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Re: Helping Mentally Ill People with Buddhism

Postby shjohnk » Sun Aug 15, 2010 9:59 am

jcsuperstar wrote:yeah there are people who seem to become detached. i went through that for awhile.


Yes, i can relate to that and i have gained only a tiny 'insight'. Also, detachment towards career (Hope my boss doesn't read this :thinking:..oh good, I'm still attached :tongue: ). I think metta practice is the best medicine for detachment from other people.

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Re: Helping Mentally Ill People with Buddhism

Postby Calahand » Sun Aug 15, 2010 9:26 pm

It sort of helps me calm down when I think too much about what "IF"s :quote: can go wrong for "me", when you take the "me" out of the equation, you don't have to :juggling: your emotions all day long, you can simply watch them like you are watching your computer screen :coffee:

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Re: Helping Mentally Ill People with Buddhism

Postby shjohnk » Mon Aug 16, 2010 9:49 am

Calahand wrote:It sort of helps me calm down when I think too much about what "IF"s :quote: can go wrong for "me", when you take the "me" out of the equation, you don't have to :juggling: your emotions all day long, you can simply watch them like you are watching your computer screen :coffee:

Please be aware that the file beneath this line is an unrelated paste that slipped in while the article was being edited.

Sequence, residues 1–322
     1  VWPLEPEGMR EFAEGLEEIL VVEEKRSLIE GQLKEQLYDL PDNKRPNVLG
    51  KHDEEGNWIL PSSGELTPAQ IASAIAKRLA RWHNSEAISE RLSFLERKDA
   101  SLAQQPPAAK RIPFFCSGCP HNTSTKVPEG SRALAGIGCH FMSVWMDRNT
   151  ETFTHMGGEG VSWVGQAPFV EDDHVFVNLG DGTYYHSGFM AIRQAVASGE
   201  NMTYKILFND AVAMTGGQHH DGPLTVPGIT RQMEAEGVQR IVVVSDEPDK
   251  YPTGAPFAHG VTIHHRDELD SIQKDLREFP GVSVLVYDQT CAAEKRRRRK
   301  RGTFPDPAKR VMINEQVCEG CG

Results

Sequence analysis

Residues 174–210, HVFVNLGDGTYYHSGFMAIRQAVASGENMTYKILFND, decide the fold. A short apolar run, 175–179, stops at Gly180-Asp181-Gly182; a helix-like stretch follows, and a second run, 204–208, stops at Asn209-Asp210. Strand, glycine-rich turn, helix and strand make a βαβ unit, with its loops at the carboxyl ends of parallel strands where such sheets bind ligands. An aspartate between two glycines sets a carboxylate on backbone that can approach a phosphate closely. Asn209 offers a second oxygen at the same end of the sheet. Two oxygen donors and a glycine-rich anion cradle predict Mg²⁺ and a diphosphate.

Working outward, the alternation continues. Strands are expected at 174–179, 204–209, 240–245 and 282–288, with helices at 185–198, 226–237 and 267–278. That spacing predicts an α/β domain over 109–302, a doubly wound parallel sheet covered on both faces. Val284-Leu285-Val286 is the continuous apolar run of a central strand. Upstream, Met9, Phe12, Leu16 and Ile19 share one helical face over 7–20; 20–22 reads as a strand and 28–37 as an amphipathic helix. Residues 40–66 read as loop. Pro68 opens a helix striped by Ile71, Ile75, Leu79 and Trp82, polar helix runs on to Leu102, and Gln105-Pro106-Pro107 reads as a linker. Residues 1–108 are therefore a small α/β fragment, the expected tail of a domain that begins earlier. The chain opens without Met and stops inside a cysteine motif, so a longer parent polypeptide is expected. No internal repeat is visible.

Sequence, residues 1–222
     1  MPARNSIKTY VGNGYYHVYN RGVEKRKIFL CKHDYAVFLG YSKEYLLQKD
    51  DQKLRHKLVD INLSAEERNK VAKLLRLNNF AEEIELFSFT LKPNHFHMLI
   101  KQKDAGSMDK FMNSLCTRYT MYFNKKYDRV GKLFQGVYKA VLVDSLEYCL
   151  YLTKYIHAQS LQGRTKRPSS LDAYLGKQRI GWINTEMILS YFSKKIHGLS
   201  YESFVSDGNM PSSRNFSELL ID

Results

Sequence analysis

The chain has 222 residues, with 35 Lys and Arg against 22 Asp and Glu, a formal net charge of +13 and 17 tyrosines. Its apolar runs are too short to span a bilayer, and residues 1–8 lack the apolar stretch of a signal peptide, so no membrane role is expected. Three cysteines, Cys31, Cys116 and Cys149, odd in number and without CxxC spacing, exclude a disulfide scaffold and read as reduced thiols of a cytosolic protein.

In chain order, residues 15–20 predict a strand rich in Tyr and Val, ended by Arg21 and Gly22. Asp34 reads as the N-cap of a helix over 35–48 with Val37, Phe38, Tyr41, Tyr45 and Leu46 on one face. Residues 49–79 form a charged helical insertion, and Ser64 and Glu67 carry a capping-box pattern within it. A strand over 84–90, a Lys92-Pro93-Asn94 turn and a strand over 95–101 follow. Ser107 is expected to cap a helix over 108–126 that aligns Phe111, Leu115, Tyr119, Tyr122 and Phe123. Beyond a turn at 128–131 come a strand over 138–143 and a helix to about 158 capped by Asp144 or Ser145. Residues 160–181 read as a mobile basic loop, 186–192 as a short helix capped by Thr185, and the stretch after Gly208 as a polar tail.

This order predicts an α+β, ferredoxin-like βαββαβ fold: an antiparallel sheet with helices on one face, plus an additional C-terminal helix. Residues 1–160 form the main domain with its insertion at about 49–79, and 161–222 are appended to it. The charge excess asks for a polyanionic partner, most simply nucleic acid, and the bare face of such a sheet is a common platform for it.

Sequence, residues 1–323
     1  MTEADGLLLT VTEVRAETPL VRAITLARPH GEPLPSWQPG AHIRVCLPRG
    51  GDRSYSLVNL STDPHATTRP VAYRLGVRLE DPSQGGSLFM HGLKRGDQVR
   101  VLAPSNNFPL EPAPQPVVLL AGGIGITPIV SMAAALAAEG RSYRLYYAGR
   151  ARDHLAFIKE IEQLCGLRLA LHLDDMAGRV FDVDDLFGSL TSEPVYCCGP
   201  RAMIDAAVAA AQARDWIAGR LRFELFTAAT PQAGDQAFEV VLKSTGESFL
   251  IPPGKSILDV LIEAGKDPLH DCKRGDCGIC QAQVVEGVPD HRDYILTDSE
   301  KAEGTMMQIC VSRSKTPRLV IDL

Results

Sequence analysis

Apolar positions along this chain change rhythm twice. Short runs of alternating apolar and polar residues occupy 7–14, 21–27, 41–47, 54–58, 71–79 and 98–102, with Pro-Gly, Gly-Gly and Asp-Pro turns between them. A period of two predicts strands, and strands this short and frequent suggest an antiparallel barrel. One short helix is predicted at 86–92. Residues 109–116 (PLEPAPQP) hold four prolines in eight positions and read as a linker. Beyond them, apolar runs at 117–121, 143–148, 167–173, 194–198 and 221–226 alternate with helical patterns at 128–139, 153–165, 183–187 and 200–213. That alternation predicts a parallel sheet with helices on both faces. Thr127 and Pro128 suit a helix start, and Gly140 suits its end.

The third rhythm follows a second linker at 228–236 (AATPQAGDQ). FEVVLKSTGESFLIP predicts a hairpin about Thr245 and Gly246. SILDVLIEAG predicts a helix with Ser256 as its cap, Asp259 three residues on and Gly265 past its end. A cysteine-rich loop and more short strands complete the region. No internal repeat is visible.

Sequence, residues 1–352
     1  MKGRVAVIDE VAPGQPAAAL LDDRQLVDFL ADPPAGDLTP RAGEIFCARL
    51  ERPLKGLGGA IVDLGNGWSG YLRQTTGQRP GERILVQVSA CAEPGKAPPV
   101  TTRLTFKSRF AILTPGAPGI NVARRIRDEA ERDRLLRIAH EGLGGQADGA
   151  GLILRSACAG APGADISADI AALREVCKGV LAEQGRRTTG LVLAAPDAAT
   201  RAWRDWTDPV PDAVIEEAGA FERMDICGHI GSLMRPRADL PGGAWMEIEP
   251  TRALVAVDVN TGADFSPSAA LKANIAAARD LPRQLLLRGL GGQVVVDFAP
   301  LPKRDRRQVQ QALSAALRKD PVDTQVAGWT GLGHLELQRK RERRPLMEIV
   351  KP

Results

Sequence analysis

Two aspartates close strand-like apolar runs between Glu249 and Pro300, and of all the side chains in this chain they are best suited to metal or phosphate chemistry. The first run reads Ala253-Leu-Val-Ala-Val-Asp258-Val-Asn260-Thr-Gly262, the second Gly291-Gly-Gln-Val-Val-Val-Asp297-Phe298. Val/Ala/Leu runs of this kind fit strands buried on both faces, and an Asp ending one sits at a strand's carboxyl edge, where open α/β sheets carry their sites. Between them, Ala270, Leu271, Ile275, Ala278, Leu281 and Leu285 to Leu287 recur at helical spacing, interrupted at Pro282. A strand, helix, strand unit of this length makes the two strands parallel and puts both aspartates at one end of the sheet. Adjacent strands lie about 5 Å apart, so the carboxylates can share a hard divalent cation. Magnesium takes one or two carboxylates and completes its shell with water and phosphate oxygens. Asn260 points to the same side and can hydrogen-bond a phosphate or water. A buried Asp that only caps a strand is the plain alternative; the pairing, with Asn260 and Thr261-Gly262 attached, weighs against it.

:goodpost:
Yes, absolutely agree. was brutally honest with myself about emotions and intentions for a half-hour time-period today and noted the following things crop up:
- Conventional emotion 'Frustration', after analysis was revealed as 'Aversion towards particular person and intention to vex said person'
- Conventional action of asking to be served in diner was revealed after analysis as 'Reinforcing self-view by demonstrating ability to speak foreign language (showing off)
- Conventional impusle to reprove someone for their 'rude' behaviour was revealed after analysis to actually be an impulse of 'Aversion/hostility towards person for speaking in a way that irritated me AND an impulse to make person's attractive female companion notice me, and ridcule her male companion i.e: lust' and 'coveting/jealousy' whatever.

This insight thing is brutal, but EXTREMELY beneficial in helping to turn the tide against such behaviours, ingrained over a long time.